I have become accustomed to reading figurative writing and seeing the images they try to convey, so reading Psalms hasn’t been all that difficult. But that is only partly true. Take today’s reading as an example. I have had to read it at least three times, focusing intently, before the real picture of what is being said formed in my head. Hopefully it was easier for you than for me.

I don’t know why I continue to assume that people were different back in King David’s day than they are in our own. Being more of an agricultural society, with intimate knowledge of farming and the raising of animals, surely they weren’t lured into the traps of sophistication and snobbery that our culture suffers from. Most of us have very little connection to the earth. Much of our modern society is based on life styles that are so remote from living off the land that we have people openly remarking that the slaughtering of beef is abominable and unnecessary when people can just go buy their beef at the corner grocer. These people really have no understanding of even the most basic facts of life.

In Psalm 49 the Lord speaks to all the earth, both those born into high society as well as those of low or humble birth (verses 1-2). The way they look at life is their folly (verse 13) for they fool themselves into believing that because of their wealth and riches they are different from those of lower society (verse 6), and what is worse, their posterity believes them (verse 13)! This short sighted view of life doesn’t change the reality of life and death, even though they act like trusting in their wealth will make some kind of difference. When they die they will be no better than a sheep that is found dead in a field, they will be laid in the ground to rot (verse 14).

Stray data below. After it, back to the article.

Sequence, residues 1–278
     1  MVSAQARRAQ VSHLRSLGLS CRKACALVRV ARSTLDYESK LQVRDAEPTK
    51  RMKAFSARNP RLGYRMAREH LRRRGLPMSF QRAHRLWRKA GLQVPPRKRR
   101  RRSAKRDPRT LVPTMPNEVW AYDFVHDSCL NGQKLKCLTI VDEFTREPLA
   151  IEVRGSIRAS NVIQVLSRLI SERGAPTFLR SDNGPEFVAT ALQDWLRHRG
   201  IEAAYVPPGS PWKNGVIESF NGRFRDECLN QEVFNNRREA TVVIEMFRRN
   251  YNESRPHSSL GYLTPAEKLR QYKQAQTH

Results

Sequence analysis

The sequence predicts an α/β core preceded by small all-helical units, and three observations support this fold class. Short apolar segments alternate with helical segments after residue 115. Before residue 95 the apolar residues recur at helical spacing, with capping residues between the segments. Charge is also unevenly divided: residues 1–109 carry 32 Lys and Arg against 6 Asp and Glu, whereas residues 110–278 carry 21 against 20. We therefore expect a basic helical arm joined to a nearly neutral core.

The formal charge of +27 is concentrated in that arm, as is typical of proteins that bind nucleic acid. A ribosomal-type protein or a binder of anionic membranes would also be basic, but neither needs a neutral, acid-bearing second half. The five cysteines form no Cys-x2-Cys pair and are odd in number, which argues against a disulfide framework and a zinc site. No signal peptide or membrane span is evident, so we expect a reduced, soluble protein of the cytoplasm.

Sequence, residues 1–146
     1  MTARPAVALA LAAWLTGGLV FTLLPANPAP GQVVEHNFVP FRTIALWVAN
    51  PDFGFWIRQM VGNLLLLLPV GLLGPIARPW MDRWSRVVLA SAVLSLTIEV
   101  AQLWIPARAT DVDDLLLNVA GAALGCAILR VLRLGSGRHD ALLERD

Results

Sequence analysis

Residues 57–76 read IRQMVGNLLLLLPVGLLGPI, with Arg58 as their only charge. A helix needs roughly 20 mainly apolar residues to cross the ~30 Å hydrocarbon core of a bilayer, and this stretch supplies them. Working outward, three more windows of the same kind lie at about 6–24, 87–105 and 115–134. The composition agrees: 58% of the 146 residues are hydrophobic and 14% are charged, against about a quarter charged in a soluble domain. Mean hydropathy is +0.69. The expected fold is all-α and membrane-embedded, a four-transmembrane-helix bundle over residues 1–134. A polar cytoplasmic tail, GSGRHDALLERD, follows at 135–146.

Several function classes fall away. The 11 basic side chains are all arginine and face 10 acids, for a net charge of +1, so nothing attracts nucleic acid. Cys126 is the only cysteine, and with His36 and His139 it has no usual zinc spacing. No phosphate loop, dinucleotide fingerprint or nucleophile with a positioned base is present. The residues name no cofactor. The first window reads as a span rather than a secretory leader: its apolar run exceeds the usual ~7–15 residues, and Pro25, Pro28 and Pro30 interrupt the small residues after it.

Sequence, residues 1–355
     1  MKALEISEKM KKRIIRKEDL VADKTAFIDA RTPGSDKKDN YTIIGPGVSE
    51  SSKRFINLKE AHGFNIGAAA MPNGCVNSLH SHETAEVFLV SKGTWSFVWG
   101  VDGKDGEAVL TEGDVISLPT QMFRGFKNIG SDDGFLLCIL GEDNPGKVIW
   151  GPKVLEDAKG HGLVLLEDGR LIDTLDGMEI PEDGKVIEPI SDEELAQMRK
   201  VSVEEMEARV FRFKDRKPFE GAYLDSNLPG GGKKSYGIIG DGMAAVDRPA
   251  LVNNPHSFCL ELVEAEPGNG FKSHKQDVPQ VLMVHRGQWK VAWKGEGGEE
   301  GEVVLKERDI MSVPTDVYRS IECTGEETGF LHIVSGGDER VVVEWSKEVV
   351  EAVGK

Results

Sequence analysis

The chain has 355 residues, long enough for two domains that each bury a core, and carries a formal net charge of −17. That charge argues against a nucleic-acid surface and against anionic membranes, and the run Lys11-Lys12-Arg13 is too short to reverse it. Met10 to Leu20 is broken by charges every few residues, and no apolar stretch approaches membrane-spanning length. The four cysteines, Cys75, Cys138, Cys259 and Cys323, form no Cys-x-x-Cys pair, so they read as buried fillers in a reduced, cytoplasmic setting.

Though the rich boast in their wealth, their wealth will not prevent them from dying just like the animals in the field. Can a wealthy man ransom his life from death and live forever? Can a wealthy man take all the glory he attains in this life with him into the grave? Verses 7, 9 tell us that the rich can give nothing that will cause God to save them from losing everything they have accumulated in life upon their death. Verses 10-12 tell us that both the wealthy and the low or brutish born will die, leaving all their wealth to someone else to possess. They will be laid in the grave like any animal that dies, to be the food of worms. Their beauty will not last, nor their titles or glory. Be not afraid of the wealthy, for when the wealthy man dies he carries none of his wealth with him, and his worldly glory will not go into the grave with him. He literally leaves it all behind and goes into the grave alone (verse 17). The psalmist says that a man who has wealth and doesn’t understand that his wealth can’t do him any good once he is dead is, in the end, no better than a dead animal (verse 20).